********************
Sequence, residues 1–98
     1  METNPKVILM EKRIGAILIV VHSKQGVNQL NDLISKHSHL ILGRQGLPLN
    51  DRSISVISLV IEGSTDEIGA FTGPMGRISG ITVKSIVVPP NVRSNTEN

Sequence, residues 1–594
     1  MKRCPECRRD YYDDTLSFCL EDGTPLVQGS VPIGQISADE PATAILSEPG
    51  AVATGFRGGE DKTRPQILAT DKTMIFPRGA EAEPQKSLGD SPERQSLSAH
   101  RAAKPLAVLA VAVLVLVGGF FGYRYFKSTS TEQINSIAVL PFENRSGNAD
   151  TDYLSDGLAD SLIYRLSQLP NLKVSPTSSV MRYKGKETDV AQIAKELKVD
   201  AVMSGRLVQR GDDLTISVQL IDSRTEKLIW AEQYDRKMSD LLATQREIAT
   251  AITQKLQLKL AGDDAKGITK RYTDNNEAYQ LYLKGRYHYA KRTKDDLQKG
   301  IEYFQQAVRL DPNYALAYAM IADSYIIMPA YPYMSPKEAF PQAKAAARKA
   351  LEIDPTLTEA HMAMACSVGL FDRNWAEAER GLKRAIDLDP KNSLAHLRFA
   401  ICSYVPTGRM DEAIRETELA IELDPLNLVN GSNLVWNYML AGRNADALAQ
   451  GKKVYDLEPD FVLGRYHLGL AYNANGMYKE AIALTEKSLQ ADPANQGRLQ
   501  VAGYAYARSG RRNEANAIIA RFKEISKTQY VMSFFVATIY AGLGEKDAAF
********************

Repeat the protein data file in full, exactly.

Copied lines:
Sequence, residues 1–98
     1  METNPKVILM EKRIGAILIV VHSKQGVNQL NDLISKHSHL ILGRQGLPLN
    51  DRSISVISLV IEGSTDEIGA FTGPMGRISG ITVKSIVVPP NVRSNTEN

Sequence, residues 1–594
     1  MKRCPECRRD YYDDTLSFCL EDGTPLVQGS VPIGQISADE PATAILSEPG
    51  AVATGFRGGE DKTRPQILAT DKTMIFPRGA EAEPQKSLGD SPERQSLSAH
   101  RAAKPLAVLA VAVLVLVGGF FGYRYFKSTS TEQINSIAVL PFENRSGNAD
   151  TDYLSDGLAD SLIYRLSQLP NLKVSPTSSV MRYKGKETDV AQIAKELKVD
   201  AVMSGRLVQR GDDLTISVQL IDSRTEKLIW AEQYDRKMSD LLATQREIAT
   251  AITQKLQLKL AGDDAKGITK RYTDNNEAYQ LYLKGRYHYA KRTKDDLQKG
   301  IEYFQQAVRL DPNYALAYAM IADSYIIMPA YPYMSPKEAF PQAKAAARKA
   351  LEIDPTLTEA HMAMACSVGL FDRNWAEAER GLKRAIDLDP KNSLAHLRFA
   401  ICSYVPTGRM DEAIRETELA IELDPLNLVN GSNLVWNYML AGRNADALAQ
   451  GKKVYDLEPD FVLGRYHLGL AYNANGMYKE AIALTEKSLQ ADPANQGRLQ
   501  VAGYAYARSG RRNEANAIIA RFKEISKTQY VMSFFVATIY AGLGEKDAAF